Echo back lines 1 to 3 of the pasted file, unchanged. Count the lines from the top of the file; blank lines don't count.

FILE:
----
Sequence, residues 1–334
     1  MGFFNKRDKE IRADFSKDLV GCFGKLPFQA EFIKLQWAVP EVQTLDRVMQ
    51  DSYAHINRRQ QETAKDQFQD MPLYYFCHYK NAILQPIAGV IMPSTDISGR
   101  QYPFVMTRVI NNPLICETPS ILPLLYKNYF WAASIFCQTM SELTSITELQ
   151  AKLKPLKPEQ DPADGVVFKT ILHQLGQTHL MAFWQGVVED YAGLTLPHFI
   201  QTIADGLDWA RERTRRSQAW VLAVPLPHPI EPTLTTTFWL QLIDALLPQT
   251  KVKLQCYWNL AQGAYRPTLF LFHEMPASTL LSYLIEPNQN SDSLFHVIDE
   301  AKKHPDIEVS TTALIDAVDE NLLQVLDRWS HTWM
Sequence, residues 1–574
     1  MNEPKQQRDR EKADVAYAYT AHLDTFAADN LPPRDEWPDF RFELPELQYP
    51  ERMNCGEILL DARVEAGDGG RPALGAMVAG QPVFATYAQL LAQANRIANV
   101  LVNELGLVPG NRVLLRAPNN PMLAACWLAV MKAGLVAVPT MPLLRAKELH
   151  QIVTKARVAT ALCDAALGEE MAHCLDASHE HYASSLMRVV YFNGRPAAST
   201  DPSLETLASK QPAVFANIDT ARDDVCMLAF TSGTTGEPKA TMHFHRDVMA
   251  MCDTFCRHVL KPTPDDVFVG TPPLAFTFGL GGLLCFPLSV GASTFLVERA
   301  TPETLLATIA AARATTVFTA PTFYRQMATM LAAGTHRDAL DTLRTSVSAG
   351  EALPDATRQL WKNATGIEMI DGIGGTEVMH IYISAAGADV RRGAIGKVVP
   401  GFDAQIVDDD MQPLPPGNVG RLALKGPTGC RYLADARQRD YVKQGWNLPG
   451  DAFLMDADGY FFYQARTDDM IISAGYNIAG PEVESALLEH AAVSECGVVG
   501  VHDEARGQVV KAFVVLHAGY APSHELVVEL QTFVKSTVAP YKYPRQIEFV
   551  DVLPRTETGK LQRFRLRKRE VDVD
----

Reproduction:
Sequence, residues 1–334
     1  MGFFNKRDKE IRADFSKDLV GCFGKLPFQA EFIKLQWAVP EVQTLDRVMQ
    51  DSYAHINRRQ QETAKDQFQD MPLYYFCHYK NAILQPIAGV IMPSTDISGR